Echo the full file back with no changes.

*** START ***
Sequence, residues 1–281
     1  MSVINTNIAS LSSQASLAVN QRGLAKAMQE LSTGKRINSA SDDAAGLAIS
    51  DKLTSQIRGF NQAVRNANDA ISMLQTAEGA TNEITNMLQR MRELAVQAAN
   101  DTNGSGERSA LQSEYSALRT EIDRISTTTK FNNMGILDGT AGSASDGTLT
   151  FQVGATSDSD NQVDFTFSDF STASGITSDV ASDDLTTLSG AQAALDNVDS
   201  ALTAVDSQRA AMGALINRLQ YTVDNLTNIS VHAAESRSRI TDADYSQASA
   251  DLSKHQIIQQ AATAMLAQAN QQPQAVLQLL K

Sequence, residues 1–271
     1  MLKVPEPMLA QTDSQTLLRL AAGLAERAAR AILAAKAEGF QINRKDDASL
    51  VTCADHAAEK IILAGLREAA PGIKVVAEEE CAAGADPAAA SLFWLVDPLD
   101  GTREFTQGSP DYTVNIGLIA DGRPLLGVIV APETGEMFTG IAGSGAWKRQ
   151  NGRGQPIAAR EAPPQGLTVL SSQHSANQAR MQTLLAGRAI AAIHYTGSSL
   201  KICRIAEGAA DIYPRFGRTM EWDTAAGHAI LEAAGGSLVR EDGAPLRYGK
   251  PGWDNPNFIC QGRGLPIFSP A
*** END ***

Sequence, residues 1–281
     1  MSVINTNIAS LSSQASLAVN QRGLAKAMQE LSTGKRINSA SDDAAGLAIS
    51  DKLTSQIRGF NQAVRNANDA ISMLQTAEGA TNEITNMLQR MRELAVQAAN
   101  DTNGSGERSA LQSEYSALRT EIDRISTTTK FNNMGILDGT AGSASDGTLT
   151  FQVGATSDSD NQVDFTFSDF STASGITSDV ASDDLTTLSG AQAALDNVDS
   201  ALTAVDSQRA AMGALINRLQ YTVDNLTNIS VHAAESRSRI TDADYSQASA
   251  DLSKHQIIQQ AATAMLAQAN QQPQAVLQLL K

Sequence, residues 1–271
     1  MLKVPEPMLA QTDSQTLLRL AAGLAERAAR AILAAKAEGF QINRKDDASL
    51  VTCADHAAEK IILAGLREAA PGIKVVAEEE CAAGADPAAA SLFWLVDPLD
   101  GTREFTQGSP DYTVNIGLIA DGRPLLGVIV APETGEMFTG IAGSGAWKRQ
   151  NGRGQPIAAR EAPPQGLTVL SSQHSANQAR MQTLLAGRAI AAIHYTGSSL
   201  KICRIAEGAA DIYPRFGRTM EWDTAAGHAI LEAAGGSLVR EDGAPLRYGK
   251  PGWDNPNFIC QGRGLPIFSP A